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Report

Gaining Ground

Findings from the Dana Center Mathematics Pathways Impact Study

11/2019

Analyses of literacy and numeracy levels worldwide by the Organisation for Economic Cooperation and Development suggest that the U.S. population has one of the lowest numeracy levels among industrialized nations. Although education leaders and math experts have recognized this problem for years and sought to address it, many people in the United States continue to struggle with learning math. While postsecondary schools have sought to prepare incoming students for college-level math with a curriculum known as developmental or remedial math, however, the problem has persisted. Schools require large proportions of entering college students to take these courses, which can take multiple semesters to complete. And far too few of these students ever successfully complete them. As a result, many practitioners and policymakers focused on improving developmental math courses by shortening the course sequences that students are required to take or streamlining the content in an effort to get students into college-level courses more quickly. Nevertheless, to date, few reforms have focused on changing the type of math that students learn and how they learn it.

To meet this challenge, the Charles A. Dana Center at the University of Texas at Austin developed the Dana Center Math Pathways (DCMP), which diversifies the math course content that students take so it better aligns with their career interests. The Dana Center also developed curricula for three math pathways, which revise the content and instruction in developmental and college-level math classes while also streamlining the typical two-semester developmental math series into one semester. Starting in 2014, researchers from the Center for the Analysis of Postsecondary Readiness — a partnership between the Community College Research Center at Teachers College, Columbia University, and MDRC, as well as research scholars from several universities — began studying the DCMP curricular models using a randomized controlled trial at four Texas community colleges. This report analyzes the implementation of the curricular models at the institutional and classroom levels and the contrast of the new models with traditional developmental and college-level math classes, the impact of the DCMP on students’ academic outcomes for up to four semesters, and the DCMP’s costs compared with colleges’ standard course pathways.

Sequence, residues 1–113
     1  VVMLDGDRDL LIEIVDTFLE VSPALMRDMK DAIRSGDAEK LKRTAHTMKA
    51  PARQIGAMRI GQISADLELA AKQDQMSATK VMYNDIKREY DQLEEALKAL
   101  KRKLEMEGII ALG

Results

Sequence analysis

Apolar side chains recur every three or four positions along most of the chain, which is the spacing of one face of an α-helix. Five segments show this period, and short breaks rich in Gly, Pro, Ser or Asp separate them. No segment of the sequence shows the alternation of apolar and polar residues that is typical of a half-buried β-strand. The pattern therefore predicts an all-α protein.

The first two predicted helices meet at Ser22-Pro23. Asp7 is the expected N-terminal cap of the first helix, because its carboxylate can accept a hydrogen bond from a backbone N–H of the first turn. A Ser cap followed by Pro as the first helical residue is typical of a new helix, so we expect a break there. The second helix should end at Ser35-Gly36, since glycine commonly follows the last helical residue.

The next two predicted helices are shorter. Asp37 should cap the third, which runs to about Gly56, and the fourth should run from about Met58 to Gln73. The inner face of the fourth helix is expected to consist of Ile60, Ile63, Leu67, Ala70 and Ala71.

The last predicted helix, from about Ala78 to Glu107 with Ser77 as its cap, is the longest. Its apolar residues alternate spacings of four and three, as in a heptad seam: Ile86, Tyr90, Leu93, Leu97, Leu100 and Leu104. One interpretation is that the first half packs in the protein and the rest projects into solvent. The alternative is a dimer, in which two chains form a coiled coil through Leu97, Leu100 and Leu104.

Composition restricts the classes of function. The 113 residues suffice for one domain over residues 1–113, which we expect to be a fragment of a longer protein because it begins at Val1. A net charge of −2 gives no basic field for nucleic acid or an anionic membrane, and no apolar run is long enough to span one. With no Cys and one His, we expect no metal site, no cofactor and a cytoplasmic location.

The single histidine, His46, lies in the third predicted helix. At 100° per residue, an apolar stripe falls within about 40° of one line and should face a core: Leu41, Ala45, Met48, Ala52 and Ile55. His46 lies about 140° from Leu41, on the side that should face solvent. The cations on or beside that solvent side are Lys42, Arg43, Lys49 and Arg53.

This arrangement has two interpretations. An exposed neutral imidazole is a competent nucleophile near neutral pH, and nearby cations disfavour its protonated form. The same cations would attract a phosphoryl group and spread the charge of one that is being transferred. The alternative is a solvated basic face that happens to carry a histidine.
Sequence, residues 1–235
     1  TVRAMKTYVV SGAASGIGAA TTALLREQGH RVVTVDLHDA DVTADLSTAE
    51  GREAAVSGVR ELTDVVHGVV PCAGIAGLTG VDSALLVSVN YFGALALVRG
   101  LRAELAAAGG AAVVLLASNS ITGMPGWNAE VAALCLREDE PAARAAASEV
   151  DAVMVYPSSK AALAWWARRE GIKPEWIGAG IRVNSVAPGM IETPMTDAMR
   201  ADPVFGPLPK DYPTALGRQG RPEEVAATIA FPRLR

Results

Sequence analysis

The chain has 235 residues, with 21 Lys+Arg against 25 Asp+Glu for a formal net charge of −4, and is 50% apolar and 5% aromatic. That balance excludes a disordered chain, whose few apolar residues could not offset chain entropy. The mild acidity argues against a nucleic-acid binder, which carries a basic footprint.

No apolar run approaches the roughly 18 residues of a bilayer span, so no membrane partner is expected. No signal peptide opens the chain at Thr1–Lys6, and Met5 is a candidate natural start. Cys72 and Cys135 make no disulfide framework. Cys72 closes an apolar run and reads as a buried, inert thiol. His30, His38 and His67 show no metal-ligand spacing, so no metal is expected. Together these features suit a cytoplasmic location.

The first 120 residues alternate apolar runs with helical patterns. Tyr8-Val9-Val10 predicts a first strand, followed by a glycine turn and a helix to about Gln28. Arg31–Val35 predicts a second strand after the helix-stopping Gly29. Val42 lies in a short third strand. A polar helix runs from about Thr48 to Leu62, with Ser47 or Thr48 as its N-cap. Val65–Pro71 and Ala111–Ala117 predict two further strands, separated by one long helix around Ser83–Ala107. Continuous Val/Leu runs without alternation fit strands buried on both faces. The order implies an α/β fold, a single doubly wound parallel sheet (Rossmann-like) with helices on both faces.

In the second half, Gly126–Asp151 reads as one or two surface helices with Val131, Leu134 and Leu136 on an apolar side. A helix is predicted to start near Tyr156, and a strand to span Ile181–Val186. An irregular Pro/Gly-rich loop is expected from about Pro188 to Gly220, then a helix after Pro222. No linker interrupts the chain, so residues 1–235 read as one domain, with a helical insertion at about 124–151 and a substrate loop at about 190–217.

Overall, the study found that the four Texas colleges revised many institutional policies, enabling them to implement the DCMP and offer DCMP courses to many more students than was done before the study. Virtually all DCMP developmental and college-level courses remained faithful to the DCMP’s revised curricular and pedagogical design, which contrasted sharply with colleges’ standard developmental course offerings and college-level algebra courses. However, colleges experienced some challenges, such as targeting all students who were eligible for the DCMP and aligning the new math policies with requirements of four-year colleges to which their students were likely to transfer.

After three semesters, the DCMP had a positive impact on students’ completion of the developmental math sequence, increasing their likelihood of taking and passing college-level math and the number of math credits earned. Researchers also saw a small impact on early cohorts’ attainment of a certificate. They found no impacts on overall credit accumulation or on receipt of an associate’s degree or transfer to a four-year college, although it was unlikely to see such impacts in so short a time. The study found that both start-up costs and net ongoing direct costs to the colleges from the DCMP are fairly low, although the colleges also received many supports from the Dana Center that are not included in these estimates.